The 1969 Yenko Camaro
Wheelbase, inches: 108.1
Type: ohv V-8
0-60 mph, sec: 5.4
The 1969 Yenko Chevrolet Camaro 427 was the delicious conversion of muscle car need and a factory’s desire to please.
To Ford fans, Carroll Shelby is the high-priest of performance. Chevy loyalists revere a Canonsburg, Pennsylvania, car dealer named Don Yenko.
Yenko had a deserved reputation for driving, building, and selling dominating Chevrolets, starting in ’65 with well-crafted super Corvairs. He advanced to installing 427-cid Corvette V-8s in ’67 and ’68 Camaros, performing 118 of the transplants. These $4,200 ponys ran in the low 13s right off his shop floor.Other Chevy retailers, notably Nickey in Chicago, Dana in California, and Baldwin-Motion in New York, undertook similar transplants.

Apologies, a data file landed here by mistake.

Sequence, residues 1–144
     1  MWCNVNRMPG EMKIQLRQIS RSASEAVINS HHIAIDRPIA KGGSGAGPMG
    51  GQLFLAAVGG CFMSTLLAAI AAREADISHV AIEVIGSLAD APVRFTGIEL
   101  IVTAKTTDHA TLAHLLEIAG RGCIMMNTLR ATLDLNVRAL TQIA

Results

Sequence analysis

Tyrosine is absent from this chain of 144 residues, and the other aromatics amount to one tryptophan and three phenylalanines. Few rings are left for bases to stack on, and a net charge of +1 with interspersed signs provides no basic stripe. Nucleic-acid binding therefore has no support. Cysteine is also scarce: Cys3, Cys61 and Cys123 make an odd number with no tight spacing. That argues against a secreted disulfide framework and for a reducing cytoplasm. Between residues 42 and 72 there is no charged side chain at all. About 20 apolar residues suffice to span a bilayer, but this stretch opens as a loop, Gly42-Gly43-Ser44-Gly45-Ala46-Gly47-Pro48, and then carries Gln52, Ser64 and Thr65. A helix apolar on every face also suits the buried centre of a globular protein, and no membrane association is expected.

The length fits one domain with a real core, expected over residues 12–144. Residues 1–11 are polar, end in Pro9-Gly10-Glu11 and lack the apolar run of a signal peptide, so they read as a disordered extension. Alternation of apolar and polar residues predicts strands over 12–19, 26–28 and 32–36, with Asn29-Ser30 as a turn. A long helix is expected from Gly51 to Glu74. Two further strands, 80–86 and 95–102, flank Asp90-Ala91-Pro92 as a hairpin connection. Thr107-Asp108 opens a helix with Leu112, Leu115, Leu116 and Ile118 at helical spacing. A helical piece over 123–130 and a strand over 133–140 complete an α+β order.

But Yenko Sports Cars Inc. had dealer outlets for its cars in 19 states, and that earned clout with Chevrolet. Dealer conversions were complicated, however, and came with only a limited engine warranty.So at Yenko’s urging, Chevy agreed to factory-build a batch of 1969 Camaros with 427 engines, and to provide full 5-year/50,000-mile warranties. This was done under the Central Office Production Order system, which had previously been used to satisfy special requests from non-performance fleet buyers.
Chevy delivered the standard COPO Camaros with dog-dish hubcaps and no exterior badging; not even the engine was identified as a 427. Yenko ordered his with 15-inch rally wheels, bigger front roll bar, and 140 mph-speedometer, then dressed them with "sYc" (Yenko Super Car) insignia and striping, and made available mags, gauges, headers, and other items that could push the price past $4,600. As delivered, Yenko Camaros turned effortless mid-13s. Most were fitted with headers and slicks, even for street work, and in this form recorded 11.94-secomd ETs at 114 mph